I've read entire Chapter 14: Organometallic Compounds of Francis Carey's "Organic Chemistry" but I still didn't get an answer to my question.
Quote from the book:
Because of their basicity organolithium compounds and Grignard reagents cannot be prepared or used in the presence of any material that bears a $-OH$ hydroxyl group.Nor are these reagents compatible with $-NH$ or $-SH$ groups, which can also convert an organolithium or organomagnesium compound to a hydrocarbon by proton transfer.
Fine. No arguments with that.
Terminal alkynes also give alkanes with Organolithium and Organomagnesium compounds.
Must be true if he says so. Now coming to the point,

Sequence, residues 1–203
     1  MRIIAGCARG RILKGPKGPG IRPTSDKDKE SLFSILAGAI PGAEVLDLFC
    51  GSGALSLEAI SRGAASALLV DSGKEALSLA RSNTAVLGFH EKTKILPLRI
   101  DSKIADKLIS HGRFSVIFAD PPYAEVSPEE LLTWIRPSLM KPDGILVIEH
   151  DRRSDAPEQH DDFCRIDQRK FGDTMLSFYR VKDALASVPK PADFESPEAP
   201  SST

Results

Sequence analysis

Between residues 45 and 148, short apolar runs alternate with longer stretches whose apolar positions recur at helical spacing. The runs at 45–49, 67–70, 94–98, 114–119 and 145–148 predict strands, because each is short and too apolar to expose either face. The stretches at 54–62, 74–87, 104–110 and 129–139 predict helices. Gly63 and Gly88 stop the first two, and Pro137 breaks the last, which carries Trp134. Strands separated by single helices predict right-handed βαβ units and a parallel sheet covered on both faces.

- Ammonia and Amines have pKa around 36.
- Terminal alkynes have pKa of 25.
- Aldehyde pKa = 17, Ketone pKa = 19 and an Ester pKa = 25
- Water & Alcohos have pKa of 15-18.
If organolithium compounds and Grignard reagents act like bases with alcohols, terminal alkynes and amines/ammonia. Why do they act like nucleophlies and give addition reaction with carbonyl compounds? Why don't they act as bases and give alkanes instead? What am I missing here?